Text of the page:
Case Based Teaching

Adapting the Approach: Family Practice

The scope of Family Practice includes children, adolescents, parents, and grandparents, and addresses each individual’s health within the many dimensions of physical, emotional, social, and spiritual well being. The challenge for the Family Practitioner is to gain the knowledge, skills, and attitudes to care for this life-range of individuals in the context of their family and community. Because our scope of practice is so broad, Family Practice education particularly benefits from well designed case-based materials as presented in this project.

The cases in this text cover a broad range of health and illness issues for children and teens. Each case gives us a window into the life and health issues of a child or adolescent. Together, the cases teach us about the health of children and adolescents through a snapshot of the child’s family, history, and environment. Each case unfolds as part of a structured didactic history. By reviewing a case, Family Practitioners add to their background knowledge in that problem, improve their skills of investigation, and gain insight into the attitudes and behaviors involved in care of children and adolescents. Thus, the cases serve both as educational tools in imparting new knowledge, skills, and attitudes and as evaluation tools that provide the Family Physician a measure of competency of care.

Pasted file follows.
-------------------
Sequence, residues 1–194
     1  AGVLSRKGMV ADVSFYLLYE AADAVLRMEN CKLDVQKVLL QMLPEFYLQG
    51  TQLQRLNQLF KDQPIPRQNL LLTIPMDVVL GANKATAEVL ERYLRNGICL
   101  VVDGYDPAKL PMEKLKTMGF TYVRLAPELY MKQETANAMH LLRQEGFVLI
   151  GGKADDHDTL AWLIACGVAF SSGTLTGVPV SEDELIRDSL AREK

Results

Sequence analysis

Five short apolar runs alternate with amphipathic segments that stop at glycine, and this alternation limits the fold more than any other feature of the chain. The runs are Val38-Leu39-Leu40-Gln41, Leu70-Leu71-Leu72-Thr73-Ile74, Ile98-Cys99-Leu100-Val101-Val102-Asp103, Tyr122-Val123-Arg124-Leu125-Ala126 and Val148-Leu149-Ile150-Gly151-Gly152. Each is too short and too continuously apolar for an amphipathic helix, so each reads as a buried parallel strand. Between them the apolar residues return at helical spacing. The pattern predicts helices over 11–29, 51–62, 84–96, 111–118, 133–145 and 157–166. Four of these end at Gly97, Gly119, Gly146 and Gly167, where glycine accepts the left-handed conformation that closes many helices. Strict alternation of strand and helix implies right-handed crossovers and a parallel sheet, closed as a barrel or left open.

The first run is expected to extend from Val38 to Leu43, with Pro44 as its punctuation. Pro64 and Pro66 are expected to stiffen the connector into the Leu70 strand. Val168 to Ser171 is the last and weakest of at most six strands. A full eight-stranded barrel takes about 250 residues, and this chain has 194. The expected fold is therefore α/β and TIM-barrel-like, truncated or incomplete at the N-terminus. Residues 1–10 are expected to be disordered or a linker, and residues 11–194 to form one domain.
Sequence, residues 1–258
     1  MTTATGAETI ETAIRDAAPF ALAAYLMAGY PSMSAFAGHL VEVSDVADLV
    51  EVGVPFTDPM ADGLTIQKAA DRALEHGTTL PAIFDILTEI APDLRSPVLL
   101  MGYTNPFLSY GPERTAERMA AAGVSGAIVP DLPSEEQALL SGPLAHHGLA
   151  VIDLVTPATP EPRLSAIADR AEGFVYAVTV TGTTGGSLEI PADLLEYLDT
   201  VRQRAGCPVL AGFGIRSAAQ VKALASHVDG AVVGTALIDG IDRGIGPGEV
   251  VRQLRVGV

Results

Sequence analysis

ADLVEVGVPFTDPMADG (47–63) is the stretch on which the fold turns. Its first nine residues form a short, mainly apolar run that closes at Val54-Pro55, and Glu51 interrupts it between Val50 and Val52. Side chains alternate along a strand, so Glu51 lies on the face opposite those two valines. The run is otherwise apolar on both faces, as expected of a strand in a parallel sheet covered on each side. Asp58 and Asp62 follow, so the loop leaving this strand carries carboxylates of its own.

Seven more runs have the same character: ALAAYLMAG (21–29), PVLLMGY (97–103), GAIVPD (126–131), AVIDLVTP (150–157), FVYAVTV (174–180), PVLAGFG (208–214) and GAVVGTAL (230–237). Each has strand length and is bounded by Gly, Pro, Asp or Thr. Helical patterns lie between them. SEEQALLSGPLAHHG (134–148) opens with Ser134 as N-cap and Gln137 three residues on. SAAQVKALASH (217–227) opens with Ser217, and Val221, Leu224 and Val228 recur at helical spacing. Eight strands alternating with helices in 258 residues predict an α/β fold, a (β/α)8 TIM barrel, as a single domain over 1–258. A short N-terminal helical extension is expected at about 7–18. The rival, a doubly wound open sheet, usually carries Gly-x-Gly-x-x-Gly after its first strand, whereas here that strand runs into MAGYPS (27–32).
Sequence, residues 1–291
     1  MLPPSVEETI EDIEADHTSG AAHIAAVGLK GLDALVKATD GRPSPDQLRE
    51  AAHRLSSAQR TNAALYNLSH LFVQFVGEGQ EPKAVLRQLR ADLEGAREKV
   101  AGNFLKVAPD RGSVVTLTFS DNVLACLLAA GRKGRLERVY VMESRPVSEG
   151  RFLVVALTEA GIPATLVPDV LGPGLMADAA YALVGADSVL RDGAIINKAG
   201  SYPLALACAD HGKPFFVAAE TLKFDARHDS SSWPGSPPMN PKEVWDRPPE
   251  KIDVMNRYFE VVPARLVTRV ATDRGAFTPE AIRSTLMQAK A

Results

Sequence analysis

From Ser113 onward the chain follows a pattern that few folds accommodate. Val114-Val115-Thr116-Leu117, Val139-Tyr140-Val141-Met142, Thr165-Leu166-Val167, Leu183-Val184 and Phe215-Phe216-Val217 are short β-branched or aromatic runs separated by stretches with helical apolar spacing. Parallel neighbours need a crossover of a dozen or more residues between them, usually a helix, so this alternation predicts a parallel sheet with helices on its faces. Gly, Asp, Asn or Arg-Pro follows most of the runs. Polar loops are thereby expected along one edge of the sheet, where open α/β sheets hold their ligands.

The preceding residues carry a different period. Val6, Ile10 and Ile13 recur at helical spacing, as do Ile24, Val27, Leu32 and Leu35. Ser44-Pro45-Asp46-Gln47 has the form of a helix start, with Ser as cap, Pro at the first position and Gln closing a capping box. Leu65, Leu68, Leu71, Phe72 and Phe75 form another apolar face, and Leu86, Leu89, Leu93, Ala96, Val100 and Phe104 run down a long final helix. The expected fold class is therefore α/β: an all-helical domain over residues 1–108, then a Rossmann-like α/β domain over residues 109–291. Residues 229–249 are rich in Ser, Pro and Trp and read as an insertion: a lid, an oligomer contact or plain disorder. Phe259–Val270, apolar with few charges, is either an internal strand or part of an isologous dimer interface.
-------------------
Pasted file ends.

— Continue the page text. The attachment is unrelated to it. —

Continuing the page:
Because the cases are self-contained, they can be flexibly integrated into a Family Medicine curriculum. For example, a case might be assigned when a particular problem, such as abuse, presents itself during hospital rounds or in the outpatient clinic. Or, cases may be assigned to a student and preceptor during a month’s rotation at a community clinic. Or, cases may become part of a noon seminar series at the clinic. Or, a resident might be asked to “pair” a case from her own practice with one in this text to learn from the similarities and differences.

However used, these cases offer a flexible menu of child and teen health problems to be easily inserted in a practice-based curriculum of Family Medicine education. Ready educational access for students and preceptors facilitates the necessary development of knowledge, skills, attitudes, and evaluation. As a result, better care is delivered to children, teens, and their parents.

Christopher Reif, M.D., M.P.H.

Boston Children's Hospital © 2013